Ok, I'll give you one thing- perhaps I was a bit more rude than necessary. I did watch the video, and I even participated in some of the comments there. I don't usually get riled up over petty things on the internet, but this is a subject that is very dear to me. I have engineering in my blood, my father holds some patents involving polarized glass, and I used to teach production mechanics to a high school extra-curricular program. I spent a lot of time as a kid learning about optics with my dad, so when someone starts spreading misinformation on the internet that is accepted like gospel, it stirs something up inside of me. 

 

I apologize if I came off as stand-offish, and if I insulted anyone personally, I truly did not mean it. At worst, I tried to insult ideas which I know to be wrong, but never insult the people saying them (however, your words above are a bit more personal- just saying).
Since I'm clearly stepping on some people's toes, I'll politely back into my corner. Right or wrong, I'm not in this to prove anything about myself. It may be telling, however, that Andrew's opinion (who's technical prowess is why this site exists in the first place) agrees with me. And anyone who seems to know a thing or two about this stuff appears to be arguing with that video. You want to call me a liar? Good luck with that. I'm done.

 

Andrew- I'm sorry I asked you to unlock this thread. I really thought we could help set the record straight, but it appears that we may have just confused a lot more people. :(

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Oh, one more thing (since I'm getting it all out of my system).

 

To those who agree with his assertion that camera manufacturers are somehow "ripping you off" because the F/2.8 works more like a 5.6:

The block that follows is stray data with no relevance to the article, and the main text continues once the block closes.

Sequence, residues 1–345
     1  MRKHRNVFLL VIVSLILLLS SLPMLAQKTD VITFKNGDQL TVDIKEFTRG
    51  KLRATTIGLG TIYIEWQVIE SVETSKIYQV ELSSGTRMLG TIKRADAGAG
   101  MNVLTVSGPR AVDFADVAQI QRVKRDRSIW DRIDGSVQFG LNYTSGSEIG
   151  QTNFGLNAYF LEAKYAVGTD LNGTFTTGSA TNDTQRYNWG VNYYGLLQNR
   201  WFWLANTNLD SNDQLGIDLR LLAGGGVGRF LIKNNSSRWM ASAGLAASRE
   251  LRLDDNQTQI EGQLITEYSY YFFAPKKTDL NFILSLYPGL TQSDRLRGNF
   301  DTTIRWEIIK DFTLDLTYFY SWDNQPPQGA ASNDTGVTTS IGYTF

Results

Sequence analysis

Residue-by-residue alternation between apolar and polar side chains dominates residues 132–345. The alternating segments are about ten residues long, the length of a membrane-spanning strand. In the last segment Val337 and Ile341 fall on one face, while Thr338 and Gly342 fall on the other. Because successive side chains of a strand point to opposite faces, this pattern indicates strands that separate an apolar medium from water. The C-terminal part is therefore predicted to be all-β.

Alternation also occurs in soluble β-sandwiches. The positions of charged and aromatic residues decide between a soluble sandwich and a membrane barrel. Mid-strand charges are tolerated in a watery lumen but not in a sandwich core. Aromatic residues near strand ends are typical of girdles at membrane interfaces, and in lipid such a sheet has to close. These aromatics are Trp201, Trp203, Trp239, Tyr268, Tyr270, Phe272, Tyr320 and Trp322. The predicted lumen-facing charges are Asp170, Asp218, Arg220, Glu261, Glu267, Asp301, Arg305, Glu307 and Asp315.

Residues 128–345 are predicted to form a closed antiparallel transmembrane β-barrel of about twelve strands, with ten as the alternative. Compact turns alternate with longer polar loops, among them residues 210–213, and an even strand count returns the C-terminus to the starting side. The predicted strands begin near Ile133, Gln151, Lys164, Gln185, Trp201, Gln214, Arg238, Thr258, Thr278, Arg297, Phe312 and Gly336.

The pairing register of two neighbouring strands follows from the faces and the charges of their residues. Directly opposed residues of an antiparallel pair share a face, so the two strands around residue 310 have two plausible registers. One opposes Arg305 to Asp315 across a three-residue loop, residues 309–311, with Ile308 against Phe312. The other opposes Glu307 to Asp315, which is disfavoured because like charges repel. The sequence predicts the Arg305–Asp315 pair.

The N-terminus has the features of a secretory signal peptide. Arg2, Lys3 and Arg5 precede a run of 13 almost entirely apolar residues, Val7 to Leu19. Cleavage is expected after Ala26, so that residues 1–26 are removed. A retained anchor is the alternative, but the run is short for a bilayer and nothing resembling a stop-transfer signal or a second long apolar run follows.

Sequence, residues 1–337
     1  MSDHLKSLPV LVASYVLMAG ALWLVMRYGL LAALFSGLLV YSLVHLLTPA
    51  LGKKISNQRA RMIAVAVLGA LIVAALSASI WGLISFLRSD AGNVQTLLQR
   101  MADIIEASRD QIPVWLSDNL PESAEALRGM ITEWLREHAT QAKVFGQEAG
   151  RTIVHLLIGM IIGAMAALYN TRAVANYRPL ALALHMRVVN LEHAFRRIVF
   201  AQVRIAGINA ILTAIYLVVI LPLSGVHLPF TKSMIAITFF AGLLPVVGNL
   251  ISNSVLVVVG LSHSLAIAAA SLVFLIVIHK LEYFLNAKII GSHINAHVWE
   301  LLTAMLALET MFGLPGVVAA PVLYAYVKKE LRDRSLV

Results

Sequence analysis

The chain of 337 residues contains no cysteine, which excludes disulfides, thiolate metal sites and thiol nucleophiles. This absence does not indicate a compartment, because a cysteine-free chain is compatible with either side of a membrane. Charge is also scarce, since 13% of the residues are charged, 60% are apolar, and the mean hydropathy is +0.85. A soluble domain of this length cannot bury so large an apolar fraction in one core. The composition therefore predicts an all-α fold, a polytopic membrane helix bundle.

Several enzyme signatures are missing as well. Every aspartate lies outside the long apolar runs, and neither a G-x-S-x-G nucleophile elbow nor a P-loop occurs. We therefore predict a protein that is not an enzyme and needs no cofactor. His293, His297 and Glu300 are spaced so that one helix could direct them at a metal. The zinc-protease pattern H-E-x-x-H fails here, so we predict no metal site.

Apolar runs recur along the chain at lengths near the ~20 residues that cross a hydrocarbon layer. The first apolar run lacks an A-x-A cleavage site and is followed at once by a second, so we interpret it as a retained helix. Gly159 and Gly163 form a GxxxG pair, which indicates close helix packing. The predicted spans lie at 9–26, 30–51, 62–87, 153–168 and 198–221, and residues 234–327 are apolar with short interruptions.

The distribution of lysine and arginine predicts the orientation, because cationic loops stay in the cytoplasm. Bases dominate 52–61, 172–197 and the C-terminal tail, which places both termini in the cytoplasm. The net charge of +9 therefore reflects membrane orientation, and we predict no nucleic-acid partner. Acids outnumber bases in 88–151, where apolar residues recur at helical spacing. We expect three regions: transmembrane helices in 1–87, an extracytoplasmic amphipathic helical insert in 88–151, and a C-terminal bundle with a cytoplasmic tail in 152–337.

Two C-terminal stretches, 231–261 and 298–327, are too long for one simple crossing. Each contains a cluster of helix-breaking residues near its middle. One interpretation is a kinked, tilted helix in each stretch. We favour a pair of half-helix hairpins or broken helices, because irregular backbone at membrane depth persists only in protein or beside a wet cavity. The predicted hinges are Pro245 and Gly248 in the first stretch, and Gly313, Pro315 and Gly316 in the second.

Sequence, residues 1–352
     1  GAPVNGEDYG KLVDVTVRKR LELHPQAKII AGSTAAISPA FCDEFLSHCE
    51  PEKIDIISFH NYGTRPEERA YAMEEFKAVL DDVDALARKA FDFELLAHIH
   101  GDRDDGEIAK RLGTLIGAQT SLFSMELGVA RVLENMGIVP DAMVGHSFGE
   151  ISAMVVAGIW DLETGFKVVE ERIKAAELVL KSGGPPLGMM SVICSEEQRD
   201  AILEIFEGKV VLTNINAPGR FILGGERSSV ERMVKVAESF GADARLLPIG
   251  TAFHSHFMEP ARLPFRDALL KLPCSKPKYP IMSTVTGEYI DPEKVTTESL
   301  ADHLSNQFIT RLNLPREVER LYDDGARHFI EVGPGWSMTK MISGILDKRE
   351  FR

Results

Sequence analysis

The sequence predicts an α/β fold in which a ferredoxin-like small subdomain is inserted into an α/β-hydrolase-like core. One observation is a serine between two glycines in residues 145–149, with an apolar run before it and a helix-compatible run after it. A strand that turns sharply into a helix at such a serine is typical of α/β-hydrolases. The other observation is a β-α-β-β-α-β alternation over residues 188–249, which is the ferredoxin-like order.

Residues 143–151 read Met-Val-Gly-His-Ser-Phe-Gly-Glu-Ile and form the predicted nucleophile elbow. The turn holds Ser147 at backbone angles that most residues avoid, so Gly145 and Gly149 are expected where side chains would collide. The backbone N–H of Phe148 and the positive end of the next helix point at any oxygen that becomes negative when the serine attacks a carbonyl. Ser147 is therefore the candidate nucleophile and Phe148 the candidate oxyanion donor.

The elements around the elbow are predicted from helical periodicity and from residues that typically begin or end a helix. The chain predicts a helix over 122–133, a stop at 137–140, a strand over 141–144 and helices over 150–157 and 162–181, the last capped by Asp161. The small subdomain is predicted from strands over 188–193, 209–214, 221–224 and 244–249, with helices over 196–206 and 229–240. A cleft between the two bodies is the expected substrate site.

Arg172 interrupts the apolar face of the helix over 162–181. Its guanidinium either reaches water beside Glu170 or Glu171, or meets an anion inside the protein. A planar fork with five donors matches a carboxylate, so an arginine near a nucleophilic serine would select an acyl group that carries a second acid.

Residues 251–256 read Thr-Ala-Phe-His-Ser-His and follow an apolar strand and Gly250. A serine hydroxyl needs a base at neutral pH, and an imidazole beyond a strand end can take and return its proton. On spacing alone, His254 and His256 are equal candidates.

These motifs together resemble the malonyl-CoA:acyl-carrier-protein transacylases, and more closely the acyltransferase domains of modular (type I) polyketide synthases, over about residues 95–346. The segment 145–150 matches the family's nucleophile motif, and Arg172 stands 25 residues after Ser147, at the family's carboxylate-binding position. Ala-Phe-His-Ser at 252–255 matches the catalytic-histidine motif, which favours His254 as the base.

Understand that wider apertures are more expensive to engineer and produce than smaller ones. The glass is larger and heavier and requires more quality control in the optics. Canon doesn't charge more based on the DOF you get by using it, they charge more because it is technically more complicated to produce a constant aperture zoom with that amount of sharpness and aperture.
Whether you are getting the same DOF as a full frame camera or not, the glass being produced by crop sensor manufacturers like Panasonic has an aperture of F/2.8. The aperture is a measurement of how light passes through that lens, and the lens in this situation IS, in fact, an f/2.8. So why should they not be allowed to charge what an F/2.8 costs? Because YOU don't find it as useful as it is on a full frame? How is that a fault of the lens? It still transmits the same intensity of light, has the same DOF (if you are strictly calculating aperture to distance-to-subject, as it should be), still costs them the same amount of R&D to make because it IS actually a 2.8 aperture. So why are they ripping you off by charging the requisite amount for it? 

 

Don't get me wrong, I wish it were cheaper, but it seems appropriately priced for what it is. 

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Don't want to make it a fight (or any more of a fight than it has been in this thread...) but...

 

It is much harder to make a full-frame f/2.8 than a m43 f/2.8 - that was part of the point of my earlier post. You have to produce a quality image circle that is 4x the area, which takes more glass and a lot more precision.

 

I think a lot of this discussion is being prompted by the competing cameras with different formats, but also by the speedbooster and like products. We know now that you can take a full frame lens and bolt on some more glass and get a great product  for a crop sensor with an amazing aperture that outcompetes the "native" crop lenses in many ways. And people love it. So why are the lens makers for smaller formats producing lenses that just match the aperture of the larger format lenses, when the speedbooster makes it clear that they could do better?

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Don't want to make it a fight (or any more of a fight than it has been in this thread...) but...
 
It is much harder to make a full-frame f/2.8 than a m43 f/2.8 - that was part of the point of my earlier post. You have to produce a quality image circle that is 4x the area, which takes more glass and a lot more precision.